We have moved! We are now located at 2 Liverpool Lane, Darlinghurst. As before, we will be appointment only. While we love visitors, we are in and out a lot setting up events etc, so if you’d like to call in to say hi, or pick some flowers up in person, please get in touch to make sure we are here first!  

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Flower pilgrimages we're dreaming about

by Beth Abood |

In all honesty the idea of having to wait a long time for our next international holiday is a little sad, but we’re also aware that it’s definitely a first world problem! It could always be worse and we are so lucky to have a glorious country to explore the minute we step outside our front door.

That said we still think it’s okay to daydream about and even plan our next overseas trip, and for us (and probably most florists!) that almost always means a little stop off somewhere we can enjoy beautiful flowers. So, we're encouraging you to do the same. Let's all take Amy Merrick's advice in her book On Flowers and "Plan a pilgrimage to see a flower".

Here are a few of our picks for the best flower adventures. Some we’ve visited, others we look forward to seeing one day soon.  

  1. Lavender Fields - Provence, France

Image Source: Canva 

Seeing this image of a field of purple lavender outside the Notre-Dame de Senanque in Gordes, Provence makes us want to teleport to the French countryside with a picnic blanket, a bottle of rose, some cheese and a baguette.

This iconic abbey was built in the early 1100s by monks who grew and harvested lavender for an income (as is very common in the region) and this spot as well as Valensole and Sault seem to be home to the most scenic lavender fields.  

In Provence, lavender fields are often divided by sunflower fields which bloom in July and August so this seems like an ideal time to visit if you want to see both in bloom.

Image Source: Canva 

  1. Western Australia Wildflowers

Image Source: Better Homes and Gardens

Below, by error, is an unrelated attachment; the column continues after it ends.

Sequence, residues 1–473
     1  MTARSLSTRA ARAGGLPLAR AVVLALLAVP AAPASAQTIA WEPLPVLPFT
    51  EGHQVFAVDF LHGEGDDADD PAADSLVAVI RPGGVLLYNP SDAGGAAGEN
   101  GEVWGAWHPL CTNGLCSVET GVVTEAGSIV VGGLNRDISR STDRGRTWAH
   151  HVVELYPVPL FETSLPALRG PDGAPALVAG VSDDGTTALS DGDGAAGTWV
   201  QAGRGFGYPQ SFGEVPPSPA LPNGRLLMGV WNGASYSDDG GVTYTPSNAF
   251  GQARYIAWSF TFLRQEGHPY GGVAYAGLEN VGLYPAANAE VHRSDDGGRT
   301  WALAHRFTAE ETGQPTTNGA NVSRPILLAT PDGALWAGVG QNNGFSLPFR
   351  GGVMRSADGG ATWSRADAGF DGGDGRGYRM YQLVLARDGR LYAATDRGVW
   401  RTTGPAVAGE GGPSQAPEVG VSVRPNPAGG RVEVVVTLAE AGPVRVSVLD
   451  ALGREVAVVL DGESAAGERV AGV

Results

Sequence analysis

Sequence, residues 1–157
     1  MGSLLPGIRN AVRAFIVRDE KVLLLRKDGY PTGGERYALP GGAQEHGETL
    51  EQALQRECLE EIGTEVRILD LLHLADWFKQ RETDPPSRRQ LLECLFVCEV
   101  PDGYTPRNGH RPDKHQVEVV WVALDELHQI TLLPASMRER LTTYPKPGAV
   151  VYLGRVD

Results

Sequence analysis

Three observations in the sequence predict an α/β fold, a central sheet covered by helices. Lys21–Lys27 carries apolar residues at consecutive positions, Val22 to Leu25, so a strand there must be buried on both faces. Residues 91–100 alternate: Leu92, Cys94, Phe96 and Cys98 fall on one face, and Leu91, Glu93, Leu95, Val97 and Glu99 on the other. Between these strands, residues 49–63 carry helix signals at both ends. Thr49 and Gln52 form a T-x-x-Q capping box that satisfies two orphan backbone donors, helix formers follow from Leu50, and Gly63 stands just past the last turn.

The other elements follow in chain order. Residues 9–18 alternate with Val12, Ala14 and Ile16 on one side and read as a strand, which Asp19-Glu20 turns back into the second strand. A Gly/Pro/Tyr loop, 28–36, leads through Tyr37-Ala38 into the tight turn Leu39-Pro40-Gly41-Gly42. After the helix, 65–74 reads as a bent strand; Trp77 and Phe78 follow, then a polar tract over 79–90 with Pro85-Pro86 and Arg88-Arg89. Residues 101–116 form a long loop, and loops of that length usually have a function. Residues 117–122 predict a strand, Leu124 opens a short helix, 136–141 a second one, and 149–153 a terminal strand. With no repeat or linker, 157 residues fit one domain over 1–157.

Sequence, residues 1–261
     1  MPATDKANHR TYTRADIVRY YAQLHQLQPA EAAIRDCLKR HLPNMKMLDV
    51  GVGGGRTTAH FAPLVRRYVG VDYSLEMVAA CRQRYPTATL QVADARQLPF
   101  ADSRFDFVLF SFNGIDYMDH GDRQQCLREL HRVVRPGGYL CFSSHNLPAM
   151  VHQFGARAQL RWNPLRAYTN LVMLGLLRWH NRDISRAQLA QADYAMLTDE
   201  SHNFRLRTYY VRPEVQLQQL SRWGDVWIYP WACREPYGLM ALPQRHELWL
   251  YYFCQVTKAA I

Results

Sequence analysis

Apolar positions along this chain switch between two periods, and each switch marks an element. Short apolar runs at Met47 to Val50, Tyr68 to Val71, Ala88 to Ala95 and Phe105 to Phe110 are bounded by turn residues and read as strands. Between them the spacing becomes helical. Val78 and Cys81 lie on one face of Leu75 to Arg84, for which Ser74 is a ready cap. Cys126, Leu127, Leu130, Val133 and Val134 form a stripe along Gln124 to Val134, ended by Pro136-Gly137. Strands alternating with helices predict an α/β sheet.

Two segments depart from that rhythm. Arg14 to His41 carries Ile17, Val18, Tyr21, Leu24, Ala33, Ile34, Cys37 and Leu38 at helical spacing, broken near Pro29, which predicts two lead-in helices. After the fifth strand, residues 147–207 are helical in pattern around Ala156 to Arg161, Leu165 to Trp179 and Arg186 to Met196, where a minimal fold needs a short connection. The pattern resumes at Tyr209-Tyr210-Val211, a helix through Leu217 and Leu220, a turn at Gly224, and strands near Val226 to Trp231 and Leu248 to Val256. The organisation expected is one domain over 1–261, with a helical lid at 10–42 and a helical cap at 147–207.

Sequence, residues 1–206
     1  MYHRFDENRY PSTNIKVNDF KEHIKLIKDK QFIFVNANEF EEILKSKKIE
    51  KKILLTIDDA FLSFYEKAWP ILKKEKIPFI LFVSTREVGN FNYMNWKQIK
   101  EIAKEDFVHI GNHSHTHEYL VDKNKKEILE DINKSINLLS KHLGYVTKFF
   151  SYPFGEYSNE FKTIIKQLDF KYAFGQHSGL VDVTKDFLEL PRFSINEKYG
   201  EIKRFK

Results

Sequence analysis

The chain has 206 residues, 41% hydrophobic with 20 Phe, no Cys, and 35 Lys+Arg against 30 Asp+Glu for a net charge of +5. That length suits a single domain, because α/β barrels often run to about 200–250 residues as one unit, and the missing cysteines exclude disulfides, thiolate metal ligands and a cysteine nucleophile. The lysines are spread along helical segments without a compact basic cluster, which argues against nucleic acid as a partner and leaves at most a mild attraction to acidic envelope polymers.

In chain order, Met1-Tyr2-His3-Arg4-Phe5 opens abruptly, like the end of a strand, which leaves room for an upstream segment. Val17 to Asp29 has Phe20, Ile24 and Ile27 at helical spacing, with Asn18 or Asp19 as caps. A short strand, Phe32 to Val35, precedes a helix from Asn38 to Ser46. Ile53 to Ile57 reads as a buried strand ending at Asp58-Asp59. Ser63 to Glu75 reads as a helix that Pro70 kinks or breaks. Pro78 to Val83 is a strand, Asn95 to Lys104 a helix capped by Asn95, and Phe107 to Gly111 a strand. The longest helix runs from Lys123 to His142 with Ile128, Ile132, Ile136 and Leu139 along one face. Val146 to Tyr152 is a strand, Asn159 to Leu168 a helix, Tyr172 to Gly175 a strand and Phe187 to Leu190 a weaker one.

Wild flower season in WA signals Spring time. This is when mostly small, delicate and intricate native Australian flowers bloom en masse across the state like a big bold colourful carpet in pinks, purples, yellows and whites. When reading about this we were fascinated to find out that WA is home to 12k species of flowering natives, 60% of which are found nowhere else in the world! 

The season typically starts in late June and runs until October.

(and yep we know WA is not technically an international adventure but it sort of feels like it to Eastcoasters thanks to being a good 5 hours away!) 

  1. Public Gardens of London, England

 

Regent's Park, Image Source: @london Instagram

London is largely known for it’s grey, gloomy weather and for being home to some of the Royal Family, but for those that have lived through or experienced a Spring and Summer in London you’ll agree there is no better place to be for late sunny evenings in flower filled gardens and parks. Some of our favourites include the daffodil clusters in Regents Park (April-May), Kew Gardens (5 million flowers are planted for Spring), Cherry Blossom in Greenwich Park (March-April), Azaleas at Isabella Plantation in Richmond Park (April-May), and the Kyoto Garden in Holland Park.

  1. Castelluccio Di Norcia, Italy 

Castelluccio Di Norcia is a town tucked away in Valnerina inside the Mounts Sibillini National Park. Each year from about May to July, this high altitude valley comes alive with colour in the form of wild flowers; red poppies, purple violets, white lentils (the area is most known for it’s lentil production), Gentianella and beautiful bright yellow rapeseed as far as the eye can see! Every year on the third and last Sundays in June the flowers are celebrated at the Festa della Fiorita (The Flowering Festival).